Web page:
Links & Details:
tickets via Eventbrite
1st ever GOOD CIDER Event March 18 @ 6:00 PM – 9:00 PM
Get Your Tickets Now.
The Standard Cider Co. from Brotherhood
More Good News: “Cider will be on sale at the event, so you can plan on taking home a bottle of your new (and old) favorites!”
“Thanksgiving was celebrated with the greatest profusion. For three days previous all was bustle and preparation: the stalled ox was killed, – turkeys, hens, and geese innumerable shared the fate of Charles the first, – a load of the best walnut wood was drawn for the thanksgiving fires, a barrel of the best cider was chosen, the best pumpkins were selected for pies, (to supply the place of minced,)* and strong water was provided in moderation to assist the inspiration of the joyful occasion.”
* “It has been said that minced pies were proscribed from the bill of fare of the Puritans because they were customarily made by the Episcopalians on Christmas.”
From: History of the colony of New Haven: before and after the union with Connecticut. Containing a particular description of the towns which composed that government, viz., New Haven, Milford, Guilford, Branford, Stamford, & Southold, L. I., with a notice of the towns which have been set off from “the original six.”
Author: Edward Rodolphus Lambert Publisher: Hitchcock & Stafford, 1838 – Branford (Conn.)
via: google ebook
Image: Creator(s): Penfield, Edward, 1866-1925, artist. Library of Congress, Prints & Photographs Division, reproduction number LC-USZC4-1206 (color film copy transparency)
19th Annual Franklin County CiderDays will be held this weekend, November 2-3, 2013.
CiderDays is one of the premier events of the North American Cider Season.
From the website:
“CiderDays is a community event celebrating all things apples in Franklin County, Massachusetts. 2013 marks the 19th year of this event and there will be two days (November 2nd and 3rd) of orchard tours, cidermaking and tastings, workshops and much more. This is for all who love apples, fresh or hard cider, apple cuisine, apple orchards or just being in New England in the fall.”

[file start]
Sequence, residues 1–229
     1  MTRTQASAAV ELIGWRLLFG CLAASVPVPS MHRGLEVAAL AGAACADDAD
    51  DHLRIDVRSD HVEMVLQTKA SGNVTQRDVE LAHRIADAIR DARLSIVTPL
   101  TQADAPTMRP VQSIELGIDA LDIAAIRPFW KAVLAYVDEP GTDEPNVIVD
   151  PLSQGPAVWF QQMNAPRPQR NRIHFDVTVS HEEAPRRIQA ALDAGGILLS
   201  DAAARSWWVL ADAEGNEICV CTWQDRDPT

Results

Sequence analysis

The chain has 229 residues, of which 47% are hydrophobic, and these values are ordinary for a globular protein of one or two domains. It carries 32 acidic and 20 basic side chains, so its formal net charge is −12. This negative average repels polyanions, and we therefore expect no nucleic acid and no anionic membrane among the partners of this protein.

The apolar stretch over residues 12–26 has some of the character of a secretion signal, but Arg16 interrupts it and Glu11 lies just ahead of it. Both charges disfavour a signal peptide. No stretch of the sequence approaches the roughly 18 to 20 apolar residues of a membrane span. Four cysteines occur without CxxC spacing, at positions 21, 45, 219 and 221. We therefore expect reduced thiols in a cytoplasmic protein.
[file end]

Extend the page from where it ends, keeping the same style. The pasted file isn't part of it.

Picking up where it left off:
Franklin County CiderDays November 2 – 3, 2013
Two days celebrating and enjoying The Apple.
A few of the 2013 Event Highlights that caught our eye:
• Second Annual Cider Days Harvest Party 2013 Friday, Nov 1st – A kickoff event to benefit CiderDays & includes the début of West County Ciders releases for 2013.
• The Cider Salon — “the world’s largest hard cider tasting with more than 60 individual cider brands from across North America”.
• CiderDay Locavore Harvest Supper
• Spanish Cider Tasting and Discussion with James Asbel of Ciders of Spain
• North vs. South Heritage Apple Smackdown, Part Deux, a tasting and discussion with Tom Burford and John Bunker.
• Michael Phillips talks about Apple Varieties for the Organic Orchard
• Finding a Great Cider Apple in Your Backyard with John Bunker and Claude Jolicoeur
• Apples for Juice and Cider with Claude Jolicoeur and Alan Suprenant
• Organic Orcharding Practices: A Primer with Jennifer Williams and Steve Gougeon
• So You Want to Be a Commercial Cidermaker with Steve Gougeon and Andy Brennan
• Cidermaking 101 Workshop with Bob Delisle and Charlie Olchowski
Visit Franklin County CiderDays website for ALL the details and a complete list of events.
Note: A bit about CiderDays from the website:
“CiderDay began in 1994 when Terry and Judith Maloney organized a small event to celebrate their harvest. Now called CiderDays and sponsored by the Franklin County Chamber of Commerce, it is a two-day event which celebrates its 19th year in 2013. The event is always held on the first weekend of November, when even the late-bearing cider apples have been picked.”
Observations on Cider.
From the great diversity of soil and climate in the United States of America, and the almost endless variety of its apples, it follows that much diversity of taste and flavour will necessarily be found in the cider that is made from them. To make good cider, the following general, but important, rules should be attended to. They demand a little more trouble than the ordinary mode of collecting and mashing apples of all sorts, rotten and sound, sweet and sour, dirty and clean, from the tree and the soil, and the rest of the slovenly process usually employed ; but in return they produce you a wholesome, high-flavoured, sound, and palatable liquor, that always commands an adequate price, instead of a solution of “villanous compounds,” in a poisonous and acid wash, that no man in his senses will drink. The finest cider was made of an equal portion of ripe, sound pippin and crab apples, pared, cored, and pressed, etc., with the utmost nicety. It was equal in flavour to any champagne that ever was made.